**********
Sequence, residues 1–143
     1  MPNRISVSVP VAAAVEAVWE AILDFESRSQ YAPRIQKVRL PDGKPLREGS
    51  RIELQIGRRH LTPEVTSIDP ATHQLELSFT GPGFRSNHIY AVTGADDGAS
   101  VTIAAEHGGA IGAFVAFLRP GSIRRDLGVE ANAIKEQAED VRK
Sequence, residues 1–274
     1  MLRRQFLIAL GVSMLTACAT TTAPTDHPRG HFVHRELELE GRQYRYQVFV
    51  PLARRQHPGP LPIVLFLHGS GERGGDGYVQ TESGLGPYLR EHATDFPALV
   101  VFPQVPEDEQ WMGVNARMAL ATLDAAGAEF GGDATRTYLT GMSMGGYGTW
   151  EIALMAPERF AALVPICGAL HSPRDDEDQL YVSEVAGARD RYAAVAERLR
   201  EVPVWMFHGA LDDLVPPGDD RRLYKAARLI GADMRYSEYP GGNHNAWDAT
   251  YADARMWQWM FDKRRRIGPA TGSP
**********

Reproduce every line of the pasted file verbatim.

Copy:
Sequence, residues 1–143
     1  MPNRISVSVP VAAAVEAVWE AILDFESRSQ YAPRIQKVRL PDGKPLREGS
    51  RIELQIGRRH LTPEVTSIDP ATHQLELSFT GPGFRSNHIY AVTGADDGAS
   101  VTIAAEHGGA IGAFVAFLRP GSIRRDLGVE ANAIKEQAED VRK
Sequence, residues 1–274
     1  MLRRQFLIAL GVSMLTACAT TTAPTDHPRG HFVHRELELE GRQYRYQVFV
    51  PLARRQHPGP LPIVLFLHGS GERGGDGYVQ TESGLGPYLR EHATDFPALV
   101  VFPQVPEDEQ WMGVNARMAL ATLDAAGAEF GGDATRTYLT GMSMGGYGTW
   151  EIALMAPERF AALVPICGAL HSPRDDEDQL YVSEVAGARD RYAAVAERLR
   201  EVPVWMFHGA LDDLVPPGDD RRLYKAARLI GADMRYSEYP GGNHNAWDAT
   251  YADARMWQWM FDKRRRIGPA TGSP